Degeneration of the intervertebral discs, a process characterized by a cascade of cellular, biochemical, structural and functional changes, is strongly implicated as a cause of low back pain. Current treatment strategies for disc degeneration typically address the symptoms of low back pain without treating the underlying cause or restoring mechanical function. A more in-depth understanding of disc degeneration, as well as opportunities for therapeutic intervention, can be obtained by considering aspects of intervertebral disc development. Development of the intervertebral disc involves the coalescence of several different cell types through highly orchestrated and complex molecular interactions. The resulting structures must function synergistically in an environment that is subjected to continuous mechanical perturbation throughout the life of an individual. Early postnatal changes, including altered cellularity, vascular regression and altered extracellular matrix composition, might set the disc on a slow course towards symptomatic degeneration. In this Perspective, we review the pathogenesis and treatment of intervertebral disc degeneration in the context of disc development. Within this scope, we examine how model systems have advanced our understanding of embryonic morphogenesis and associated molecular signaling pathways, in addition to the postnatal changes to the cellular, nutritional and mechanical microenvironment. We also discuss the current status of biological therapeutic strategies that promote disc regeneration and repair, and how lessons from development might provide clues for their refinement.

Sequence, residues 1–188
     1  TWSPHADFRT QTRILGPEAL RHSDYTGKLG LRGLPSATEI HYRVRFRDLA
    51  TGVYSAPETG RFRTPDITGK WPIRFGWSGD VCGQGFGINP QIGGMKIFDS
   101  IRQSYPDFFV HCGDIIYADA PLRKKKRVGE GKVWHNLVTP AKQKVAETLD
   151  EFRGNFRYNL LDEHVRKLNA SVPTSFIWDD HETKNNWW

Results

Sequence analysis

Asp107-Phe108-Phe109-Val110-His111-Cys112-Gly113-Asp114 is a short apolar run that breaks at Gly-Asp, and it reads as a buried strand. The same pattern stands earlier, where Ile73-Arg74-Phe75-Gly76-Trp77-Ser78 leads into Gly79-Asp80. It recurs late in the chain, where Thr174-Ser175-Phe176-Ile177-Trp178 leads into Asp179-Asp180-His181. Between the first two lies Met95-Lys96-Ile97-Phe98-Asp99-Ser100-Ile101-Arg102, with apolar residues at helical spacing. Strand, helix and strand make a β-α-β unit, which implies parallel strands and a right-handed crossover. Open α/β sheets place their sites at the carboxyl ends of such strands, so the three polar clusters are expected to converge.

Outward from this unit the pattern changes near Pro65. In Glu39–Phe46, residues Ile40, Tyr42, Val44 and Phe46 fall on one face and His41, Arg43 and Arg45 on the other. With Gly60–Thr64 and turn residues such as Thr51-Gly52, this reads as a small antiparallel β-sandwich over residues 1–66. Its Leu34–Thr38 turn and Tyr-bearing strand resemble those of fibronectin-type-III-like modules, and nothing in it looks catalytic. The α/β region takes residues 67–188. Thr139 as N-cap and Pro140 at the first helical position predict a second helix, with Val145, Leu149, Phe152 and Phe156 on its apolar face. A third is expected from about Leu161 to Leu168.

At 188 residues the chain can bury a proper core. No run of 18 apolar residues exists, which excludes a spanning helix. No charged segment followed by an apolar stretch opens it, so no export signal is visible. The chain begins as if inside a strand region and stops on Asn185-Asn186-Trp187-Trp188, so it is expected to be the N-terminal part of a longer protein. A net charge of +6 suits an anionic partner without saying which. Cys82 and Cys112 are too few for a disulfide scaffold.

This is an Open Access article distributed under the terms of the Creative Commons Attribution Non-Commercial Share Alike License (http://creativecommons.org/licenses/by-nc-sa/3.0), which permits unrestricted non-commercial use, distribution and reproduction in any medium provided that the original work is properly cited and all further distributions of the work or adaptation are subject to the same Creative Commons License terms